RRHS hybrid learning (copy)

In this file photo from Oct. 12, a pair of students get their temperatures checked before entering the Rio Rico High School campus for the first day of in-person classes this academic year.

Two Santa Cruz County school districts will send students back home next week, after benchmark data released by the Arizona Department of Health Services on Thursday morning showed an uptick in COVID-19 cases among county residents.

Santa Cruz Valley Unified School District will halt its hybrid learning program beginning on Monday, District Superintendent David Verdugo said on Thursday.

“We knew that (the benchmark measures) were going to increase, we just didn’t know that it was going to increase as much as it did. And then there’s an anticipation that it will increase again next week,” he said.

Kathy Romero, superintendent of the Santa Cruz Elementary District, which operates the Little Red K-8 school, said her students will also return to remote-only learning starting on Nov. 16.

“We feel it is necessary to be proactive,” Romero said on Thursday. The school reopened for hybrid learning just two weeks ago, on Nov. 2, but Romero said that some community members had concerns from the start.

“I’m thinking with this, they’re feeling a little bit more confident that they will be able to keep their families safe,” she added. Romero said the school will stick to remote learning until further notice.

According to a document distributed by the district on Thursday, SCVUSD schools will stay remote through the end of the calendar year and the into the first week of the third quarter of the academic year, from Jan. 4-8. On Jan. 11, “if benchmarks and data are met,” students will return to classrooms.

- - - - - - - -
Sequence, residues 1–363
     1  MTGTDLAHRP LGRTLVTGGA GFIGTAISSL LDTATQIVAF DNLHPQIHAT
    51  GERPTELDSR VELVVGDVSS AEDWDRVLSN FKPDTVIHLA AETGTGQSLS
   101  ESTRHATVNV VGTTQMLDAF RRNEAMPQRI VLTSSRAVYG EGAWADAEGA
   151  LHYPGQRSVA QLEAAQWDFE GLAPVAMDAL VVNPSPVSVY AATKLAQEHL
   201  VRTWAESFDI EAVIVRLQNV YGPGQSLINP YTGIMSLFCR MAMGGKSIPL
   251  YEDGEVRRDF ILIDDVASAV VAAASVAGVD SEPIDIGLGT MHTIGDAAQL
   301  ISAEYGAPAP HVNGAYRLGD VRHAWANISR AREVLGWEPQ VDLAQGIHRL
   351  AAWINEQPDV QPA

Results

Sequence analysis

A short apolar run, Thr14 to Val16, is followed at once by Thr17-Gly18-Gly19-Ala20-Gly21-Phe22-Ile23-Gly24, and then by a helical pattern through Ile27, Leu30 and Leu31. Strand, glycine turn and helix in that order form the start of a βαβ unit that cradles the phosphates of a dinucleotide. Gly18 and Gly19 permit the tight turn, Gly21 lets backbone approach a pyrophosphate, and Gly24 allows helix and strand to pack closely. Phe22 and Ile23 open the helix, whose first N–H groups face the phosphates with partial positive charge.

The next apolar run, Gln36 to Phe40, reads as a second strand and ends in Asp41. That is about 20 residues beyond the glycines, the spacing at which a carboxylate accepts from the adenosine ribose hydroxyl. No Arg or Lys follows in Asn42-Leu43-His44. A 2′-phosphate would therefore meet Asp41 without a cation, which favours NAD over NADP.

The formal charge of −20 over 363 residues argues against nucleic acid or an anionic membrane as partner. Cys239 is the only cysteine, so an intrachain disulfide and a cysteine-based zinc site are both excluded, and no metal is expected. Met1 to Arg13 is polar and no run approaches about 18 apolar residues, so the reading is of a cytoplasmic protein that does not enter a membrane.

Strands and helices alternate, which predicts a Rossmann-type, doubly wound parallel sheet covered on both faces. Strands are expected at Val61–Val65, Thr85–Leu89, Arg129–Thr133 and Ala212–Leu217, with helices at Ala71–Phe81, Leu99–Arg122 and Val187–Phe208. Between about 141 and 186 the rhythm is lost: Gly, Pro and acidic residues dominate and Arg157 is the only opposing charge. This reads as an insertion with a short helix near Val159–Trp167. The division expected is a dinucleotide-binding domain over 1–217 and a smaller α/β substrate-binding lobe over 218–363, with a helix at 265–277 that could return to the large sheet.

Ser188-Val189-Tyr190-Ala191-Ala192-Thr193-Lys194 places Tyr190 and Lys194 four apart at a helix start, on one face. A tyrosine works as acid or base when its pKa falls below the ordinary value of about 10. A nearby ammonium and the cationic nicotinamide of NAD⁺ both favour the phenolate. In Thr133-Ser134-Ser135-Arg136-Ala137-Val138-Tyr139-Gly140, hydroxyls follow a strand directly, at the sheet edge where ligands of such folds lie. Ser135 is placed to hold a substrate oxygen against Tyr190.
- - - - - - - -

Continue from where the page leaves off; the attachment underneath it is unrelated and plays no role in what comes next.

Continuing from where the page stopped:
In the meantime, Rio Rico High School’s athletic programs, which Verdugo said follow a separate set of benchmarks, will continue. He also said the district will continue offering on-site services to a smaller group of students.

The data released by ADHS on Thursday morning showed 162 new COVID-19 cases in Santa Cruz County per 100,000 residents for the seven days from Oct. 25-31, the most recent week for which data was available. That was above the threshold of 100 cases per 100,000 to reach the state’s category of “substantial transmission.”

The positive test rate in Santa Cruz County also rose to 12.5 percent. That’s above the 10 percent threshold for substantial transmission, a threshold that was raised from 7 percent in October.

The third state benchmark for schools, measured on a regional rather than county-level basis, takes into account the percentage of hospital visits that were for COVID-like illness. That number was 2.9 percent in the southeast Arizona region, an increase from the previous week but still low enough to be considered “minimal” according to state guidelines.

The ultimate choice of whether to keep students in classrooms has always been up to individual school districts, but many local school administrators have said they use the state’s guidelines in making their decisions.

Despite two benchmarks in the “substantial transmission” category on Thursday, the recommendation listed on the state website for Santa Cruz County was for schools to offer hybrid learning.

Some classrooms still open

With the closures of SCVUSD schools and Little Red, the majority of public schools around the county are now closed for in-person or hybrid learning.